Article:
RFID implants: Orwellian concepts get real | Facility Executive - Creating Intelligent Buildings

Last month, TFM‘s Security Special Report by Amy Milshtein opened with the following few paragraphs: In Cincinnati, OH, something truly futuristic is happening; radio frequency identification chips (RFIDs) have been embedded into two volunteers. This leads many observers to wonder if an extreme measure like this is the future of security. “I have my doubts,” […]


https://facilityexecutive.com/2006/05/rfid-implants-orwellian-concepts-get-real/
Last month, TFM‘s Security Special Report by Amy Milshtein opened with the following few paragraphs: In Cincinnati, OH, something truly futuristic is happening; radio frequency identification chips (RFIDs) have been embedded into two volunteers. This leads many observers to wonder if an extreme measure like this is the future of security. “I have my doubts,” […]
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RFID implants: Orwellian concepts get real

RFID implants: Orwellian concepts get real | Facility Executive - Creating Intelligent Buildings

Last month, TFM‘s Security Special Report by Amy Milshtein opened with the following few paragraphs:

In Cincinnati, OH, something truly futuristic is happening; radio frequency identification chips (RFIDs) have been embedded into two volunteers. This leads many observers to wonder if an extreme measure like this is the future of security.

“I have my doubts,” says Craig McQuate, director of global security and safety for Waltham, MA-based Modus Link. “It will be a long time before people trust that kind of technology.”

Originally launched as a convenient way to keep pets safe, RFIDs have been implanted in the forearms of two employees from CityWatcher.com. Others have also spotted niches for the pre-WWII era technology. “The military sees RFID applications as a way to store medical records or even to track troops with a GPS,” says Rusty Gibson, general manager, DSX Access Systems of Dallas, TX. “And Mexico is trying it out with some government employees.”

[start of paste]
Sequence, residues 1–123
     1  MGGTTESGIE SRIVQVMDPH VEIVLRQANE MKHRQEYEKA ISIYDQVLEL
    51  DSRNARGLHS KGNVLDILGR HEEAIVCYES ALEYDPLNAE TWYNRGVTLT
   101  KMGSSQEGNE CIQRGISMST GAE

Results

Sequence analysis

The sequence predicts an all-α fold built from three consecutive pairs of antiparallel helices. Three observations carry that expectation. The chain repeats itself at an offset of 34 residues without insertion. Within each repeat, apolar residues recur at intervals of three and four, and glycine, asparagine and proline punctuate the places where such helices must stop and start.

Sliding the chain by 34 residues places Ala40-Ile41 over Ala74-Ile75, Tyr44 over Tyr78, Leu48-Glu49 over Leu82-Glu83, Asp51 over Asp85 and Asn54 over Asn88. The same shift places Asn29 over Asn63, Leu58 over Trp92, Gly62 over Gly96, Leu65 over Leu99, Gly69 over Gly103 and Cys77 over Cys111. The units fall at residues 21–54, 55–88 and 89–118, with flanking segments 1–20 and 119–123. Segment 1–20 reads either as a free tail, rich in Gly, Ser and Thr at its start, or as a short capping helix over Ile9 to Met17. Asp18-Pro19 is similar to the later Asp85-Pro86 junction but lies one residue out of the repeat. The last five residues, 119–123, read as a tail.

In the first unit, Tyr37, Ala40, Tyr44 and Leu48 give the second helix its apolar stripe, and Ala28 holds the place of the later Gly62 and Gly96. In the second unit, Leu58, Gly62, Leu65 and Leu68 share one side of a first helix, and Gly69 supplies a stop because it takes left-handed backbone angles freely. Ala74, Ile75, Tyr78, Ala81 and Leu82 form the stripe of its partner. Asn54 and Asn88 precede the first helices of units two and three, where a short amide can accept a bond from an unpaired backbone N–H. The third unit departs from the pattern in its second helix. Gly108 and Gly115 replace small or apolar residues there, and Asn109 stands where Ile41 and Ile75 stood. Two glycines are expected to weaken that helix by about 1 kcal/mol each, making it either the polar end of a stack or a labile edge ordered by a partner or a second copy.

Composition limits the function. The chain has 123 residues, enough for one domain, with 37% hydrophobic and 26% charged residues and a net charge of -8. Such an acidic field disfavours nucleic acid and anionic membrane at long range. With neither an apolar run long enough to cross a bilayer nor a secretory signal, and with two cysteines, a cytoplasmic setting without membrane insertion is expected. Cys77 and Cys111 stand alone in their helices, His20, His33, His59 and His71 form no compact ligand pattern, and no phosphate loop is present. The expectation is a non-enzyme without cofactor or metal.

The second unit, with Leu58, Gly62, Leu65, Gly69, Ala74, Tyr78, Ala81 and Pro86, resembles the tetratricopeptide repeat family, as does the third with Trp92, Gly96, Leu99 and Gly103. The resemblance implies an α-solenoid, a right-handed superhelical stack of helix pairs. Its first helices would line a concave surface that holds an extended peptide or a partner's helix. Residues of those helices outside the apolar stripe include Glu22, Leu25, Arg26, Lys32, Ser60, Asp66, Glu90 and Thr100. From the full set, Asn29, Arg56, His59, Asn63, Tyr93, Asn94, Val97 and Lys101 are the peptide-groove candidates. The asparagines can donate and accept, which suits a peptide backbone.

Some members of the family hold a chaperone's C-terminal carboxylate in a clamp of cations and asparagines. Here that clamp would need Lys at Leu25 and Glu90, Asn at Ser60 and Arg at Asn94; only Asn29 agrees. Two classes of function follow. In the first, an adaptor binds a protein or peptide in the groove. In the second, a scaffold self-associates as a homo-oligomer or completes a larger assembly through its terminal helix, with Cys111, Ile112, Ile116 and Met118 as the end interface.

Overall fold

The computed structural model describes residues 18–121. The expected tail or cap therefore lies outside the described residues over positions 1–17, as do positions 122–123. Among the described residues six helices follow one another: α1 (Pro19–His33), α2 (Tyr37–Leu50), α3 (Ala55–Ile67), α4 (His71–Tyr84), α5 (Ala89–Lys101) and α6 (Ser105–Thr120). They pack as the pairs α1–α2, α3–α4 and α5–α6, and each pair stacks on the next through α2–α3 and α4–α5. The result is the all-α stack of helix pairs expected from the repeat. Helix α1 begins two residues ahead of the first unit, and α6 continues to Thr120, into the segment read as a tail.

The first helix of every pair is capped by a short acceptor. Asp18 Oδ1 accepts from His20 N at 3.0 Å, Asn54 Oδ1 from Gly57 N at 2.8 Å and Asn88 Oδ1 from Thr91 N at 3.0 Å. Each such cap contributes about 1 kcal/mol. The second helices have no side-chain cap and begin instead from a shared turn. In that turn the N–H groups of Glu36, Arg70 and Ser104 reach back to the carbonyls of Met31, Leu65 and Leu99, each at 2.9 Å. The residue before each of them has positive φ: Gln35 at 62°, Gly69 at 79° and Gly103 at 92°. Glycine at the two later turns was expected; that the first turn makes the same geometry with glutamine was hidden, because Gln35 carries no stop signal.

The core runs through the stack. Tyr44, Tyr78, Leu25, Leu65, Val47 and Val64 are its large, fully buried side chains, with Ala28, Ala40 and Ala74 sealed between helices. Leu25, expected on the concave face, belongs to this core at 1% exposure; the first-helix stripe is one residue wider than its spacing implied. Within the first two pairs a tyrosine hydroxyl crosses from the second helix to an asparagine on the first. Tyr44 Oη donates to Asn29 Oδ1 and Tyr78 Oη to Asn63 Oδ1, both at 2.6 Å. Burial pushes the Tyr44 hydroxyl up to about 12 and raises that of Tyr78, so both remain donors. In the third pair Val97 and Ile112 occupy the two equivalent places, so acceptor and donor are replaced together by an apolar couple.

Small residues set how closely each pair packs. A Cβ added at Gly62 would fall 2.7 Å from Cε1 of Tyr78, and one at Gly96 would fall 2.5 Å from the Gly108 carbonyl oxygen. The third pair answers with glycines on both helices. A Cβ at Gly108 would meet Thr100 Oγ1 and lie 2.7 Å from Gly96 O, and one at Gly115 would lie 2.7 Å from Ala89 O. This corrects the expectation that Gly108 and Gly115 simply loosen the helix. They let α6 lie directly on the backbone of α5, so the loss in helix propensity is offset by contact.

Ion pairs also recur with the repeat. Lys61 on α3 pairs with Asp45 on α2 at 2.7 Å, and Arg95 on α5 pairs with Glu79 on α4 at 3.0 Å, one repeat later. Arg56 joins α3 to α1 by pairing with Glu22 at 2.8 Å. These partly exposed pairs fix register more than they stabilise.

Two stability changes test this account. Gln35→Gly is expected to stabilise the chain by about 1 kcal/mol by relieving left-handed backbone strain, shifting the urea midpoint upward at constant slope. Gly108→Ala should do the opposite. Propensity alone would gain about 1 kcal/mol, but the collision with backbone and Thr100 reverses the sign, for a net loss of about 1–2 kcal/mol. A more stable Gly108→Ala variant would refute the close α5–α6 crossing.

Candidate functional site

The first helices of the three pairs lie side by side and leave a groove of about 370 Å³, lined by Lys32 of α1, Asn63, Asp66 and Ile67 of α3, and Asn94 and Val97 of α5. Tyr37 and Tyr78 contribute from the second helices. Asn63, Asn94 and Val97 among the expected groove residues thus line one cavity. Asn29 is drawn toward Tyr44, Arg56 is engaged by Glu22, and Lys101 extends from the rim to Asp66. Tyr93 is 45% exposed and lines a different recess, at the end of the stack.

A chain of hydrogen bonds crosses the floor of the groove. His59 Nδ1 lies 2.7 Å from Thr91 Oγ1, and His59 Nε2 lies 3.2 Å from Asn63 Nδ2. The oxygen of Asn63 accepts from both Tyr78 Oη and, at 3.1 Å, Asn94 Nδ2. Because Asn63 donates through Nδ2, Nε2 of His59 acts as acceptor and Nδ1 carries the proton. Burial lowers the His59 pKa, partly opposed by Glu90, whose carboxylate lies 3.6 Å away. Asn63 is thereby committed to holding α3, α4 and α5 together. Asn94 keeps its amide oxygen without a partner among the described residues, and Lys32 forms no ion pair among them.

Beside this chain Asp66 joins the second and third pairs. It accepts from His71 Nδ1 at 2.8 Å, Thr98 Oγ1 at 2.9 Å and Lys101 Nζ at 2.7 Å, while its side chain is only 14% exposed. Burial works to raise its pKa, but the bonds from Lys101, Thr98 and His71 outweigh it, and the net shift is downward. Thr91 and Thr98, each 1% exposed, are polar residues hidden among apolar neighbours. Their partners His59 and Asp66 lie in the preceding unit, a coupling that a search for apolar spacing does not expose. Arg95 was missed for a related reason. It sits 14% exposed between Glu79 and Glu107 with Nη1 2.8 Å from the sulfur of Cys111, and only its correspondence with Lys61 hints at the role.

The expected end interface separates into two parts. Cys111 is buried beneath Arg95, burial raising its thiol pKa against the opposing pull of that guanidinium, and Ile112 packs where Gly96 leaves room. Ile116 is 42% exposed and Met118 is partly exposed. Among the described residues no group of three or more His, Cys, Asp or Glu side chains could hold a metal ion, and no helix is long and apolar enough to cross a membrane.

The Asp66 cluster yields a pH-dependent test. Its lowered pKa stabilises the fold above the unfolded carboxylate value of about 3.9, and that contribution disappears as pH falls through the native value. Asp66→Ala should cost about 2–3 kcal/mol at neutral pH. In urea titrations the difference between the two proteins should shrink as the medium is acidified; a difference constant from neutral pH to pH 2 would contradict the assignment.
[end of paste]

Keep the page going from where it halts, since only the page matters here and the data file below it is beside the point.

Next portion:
So what does chief executive of CityWatcher.com Sean Darks have to say about the chip in his arm? Despite repeated attempts, he would not return calls, but in an Associated Press article he states, “it’s the same thing as a key card,” and “none of his employees are forced to get the chip to keep their job.”

It’s possible that the next generation of employees will not even be shocked by the perceived invasive nature of technology like RFID. “When you look at Internet sites like MySpace.com and see all of the personal information young people willingly post, you start to think that maybe they wouldn’t bat an eye about this,” says Rob Zivney of Santa Ana, CA-based Hirsch Electronics.

[Click here to read the rest of the story.]

But yesterday on Slashdot, there was a post from a developer who feels the future may be now. Here’s the start of the post from Cliff on Wednesday May 03, @11:45PM from the chips-in-my-head dept:

kramdam asks: “Even with all the talk about privacy and security, there seems to be a growing community of people who are implanting themselves with RFID chips. Being a developer myself, I am intrigued about building applications and solutions that will open my doors, unlock my car, log me on to my computer and control home automation….What do you think are the social, security, privacy, and health risks associated with this? What are the pluses? Would you do it?”

To read the full post with links and comments (or to post your own comments), follow this link.

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